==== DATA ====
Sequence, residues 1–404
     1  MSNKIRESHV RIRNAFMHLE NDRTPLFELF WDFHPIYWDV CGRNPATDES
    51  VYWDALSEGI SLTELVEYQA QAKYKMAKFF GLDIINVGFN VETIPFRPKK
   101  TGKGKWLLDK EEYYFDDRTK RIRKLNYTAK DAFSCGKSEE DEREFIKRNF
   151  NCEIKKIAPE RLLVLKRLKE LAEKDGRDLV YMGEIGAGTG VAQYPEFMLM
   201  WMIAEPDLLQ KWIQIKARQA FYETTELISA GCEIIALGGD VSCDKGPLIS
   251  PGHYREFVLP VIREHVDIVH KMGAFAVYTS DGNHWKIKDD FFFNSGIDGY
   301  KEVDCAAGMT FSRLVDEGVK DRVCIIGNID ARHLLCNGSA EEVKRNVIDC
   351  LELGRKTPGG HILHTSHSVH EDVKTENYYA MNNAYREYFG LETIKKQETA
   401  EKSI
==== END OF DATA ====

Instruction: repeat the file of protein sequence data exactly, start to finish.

Sequence, residues 1–404
     1  MSNKIRESHV RIRNAFMHLE NDRTPLFELF WDFHPIYWDV CGRNPATDES
    51  VYWDALSEGI SLTELVEYQA QAKYKMAKFF GLDIINVGFN VETIPFRPKK
   101  TGKGKWLLDK EEYYFDDRTK RIRKLNYTAK DAFSCGKSEE DEREFIKRNF
   151  NCEIKKIAPE RLLVLKRLKE LAEKDGRDLV YMGEIGAGTG VAQYPEFMLM
   201  WMIAEPDLLQ KWIQIKARQA FYETTELISA GCEIIALGGD VSCDKGPLIS
   251  PGHYREFVLP VIREHVDIVH KMGAFAVYTS DGNHWKIKDD FFFNSGIDGY
   301  KEVDCAAGMT FSRLVDEGVK DRVCIIGNID ARHLLCNGSA EEVKRNVIDC
   351  LELGRKTPGG HILHTSHSVH EDVKTENYYA MNNAYREYFG LETIKKQETA
   401  EKSI